King Bali is immortalized because even Vishnu had to humble himself as Vamana to conquer him. He stands out for his valour and charity - two great eternal qualities.
Mahabali is believed to have ruled in South India before the Ramayana events and his empire is believed to have extended from the Vindhyas in the north to the far out in the south. His capital was Kerala. In the state of Kerala, the Onam festival is a celebration of the visit of Mahabali to their land. Bali is supposed to return every year to the land of his people, to ensure that they are prosperous.
Bali’s lineage is as under:
Marichi – Kashyapa (with Diti) – Hiranyakashipu – Prahlada – Veerochana – Bali
As the story goes, loking at the growing popularity and fame of King Bali the Devas become extremely concerned that the Daitya way might conquer the people. Vishnu decides to intervene and takes the fifth Maha Avatar known as the Vamana – a poor Brahmin boy (See my later post on the Mythical Timeline of Dashavataras to know more about the 10 Maha Avataras).
Now, while Bali is performing an Aswamedha Yagna at Kurukshetra (see this for more on Kurukshetra) in order to ascend Indra’s throne, Vamana comes to him and asks for 3 strides of land.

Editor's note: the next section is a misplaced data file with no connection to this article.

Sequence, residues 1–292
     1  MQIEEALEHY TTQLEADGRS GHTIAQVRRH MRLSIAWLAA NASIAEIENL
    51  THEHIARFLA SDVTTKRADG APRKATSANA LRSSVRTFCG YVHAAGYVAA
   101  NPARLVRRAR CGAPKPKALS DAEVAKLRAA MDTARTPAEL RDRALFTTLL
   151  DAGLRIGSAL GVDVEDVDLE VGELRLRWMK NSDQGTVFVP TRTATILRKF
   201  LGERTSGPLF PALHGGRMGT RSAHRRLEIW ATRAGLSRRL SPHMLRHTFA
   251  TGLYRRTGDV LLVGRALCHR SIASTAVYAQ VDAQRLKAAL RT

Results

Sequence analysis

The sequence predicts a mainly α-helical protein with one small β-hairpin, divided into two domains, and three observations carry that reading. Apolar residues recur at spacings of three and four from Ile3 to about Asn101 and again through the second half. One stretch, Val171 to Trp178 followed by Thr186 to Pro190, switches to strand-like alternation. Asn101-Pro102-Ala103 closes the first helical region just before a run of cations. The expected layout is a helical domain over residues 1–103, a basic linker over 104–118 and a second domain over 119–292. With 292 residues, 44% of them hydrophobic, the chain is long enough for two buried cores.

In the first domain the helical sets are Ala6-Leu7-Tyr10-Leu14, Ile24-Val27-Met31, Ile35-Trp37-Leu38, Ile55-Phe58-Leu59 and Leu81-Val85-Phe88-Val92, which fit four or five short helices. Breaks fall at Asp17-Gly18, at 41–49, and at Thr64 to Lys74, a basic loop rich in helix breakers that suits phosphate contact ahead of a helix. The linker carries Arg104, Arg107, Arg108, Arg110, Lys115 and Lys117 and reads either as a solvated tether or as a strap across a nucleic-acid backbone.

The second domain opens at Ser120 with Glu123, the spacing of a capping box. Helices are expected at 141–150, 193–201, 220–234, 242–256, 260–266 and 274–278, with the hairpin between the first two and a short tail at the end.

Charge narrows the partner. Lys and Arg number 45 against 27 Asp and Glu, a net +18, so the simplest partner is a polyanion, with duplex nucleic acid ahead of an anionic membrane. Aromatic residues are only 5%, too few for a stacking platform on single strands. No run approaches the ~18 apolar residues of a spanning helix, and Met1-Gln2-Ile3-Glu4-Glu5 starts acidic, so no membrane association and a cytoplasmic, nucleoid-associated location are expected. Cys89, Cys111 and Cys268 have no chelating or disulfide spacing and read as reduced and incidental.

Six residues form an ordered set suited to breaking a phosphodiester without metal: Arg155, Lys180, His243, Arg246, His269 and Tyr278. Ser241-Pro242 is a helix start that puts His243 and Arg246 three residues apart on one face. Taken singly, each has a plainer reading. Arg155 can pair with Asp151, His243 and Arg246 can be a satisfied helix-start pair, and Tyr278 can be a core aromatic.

Just as King Mahabali agrees to grant the land much against warnings given by his guru Shukracharya, Vamana begins to expand. With his first step the Brahmin boy covers the whole of earth and with the other step he covers the whole of the skies. He then asked King Mahabali where is the space for him to keep his third foot.
The King realizes that he is no ordinary Brahmin. Mahabali bows before Vamana and asks him to place his last step on his head so that he could keep the promise to Vishnu.
The Brahmin is pleased, and he places his foot on the head and pushes him towards Patala, the nether world.
This is where Bali stays now. Vishnu also gives him immortality for his benevolence.
It is said that by another boon of Vishnu, Bali will be the next Indra (Purandara is the current Indra), that is, the eighth Indra (King of Devas) during the time of the eighth Manu, Savarni Manu.
As a footnote, this is all fine about Bali, but what about Vamana? Did he go back to his Sheshashayi Vishnu form? Some say he did, while others maintain that Vamana was so pleased with Bali that he decided to become the guard of the gate of Bali's realm Patala and remains so forever (this ending is seen most notably in Tulsidas' Ramayana).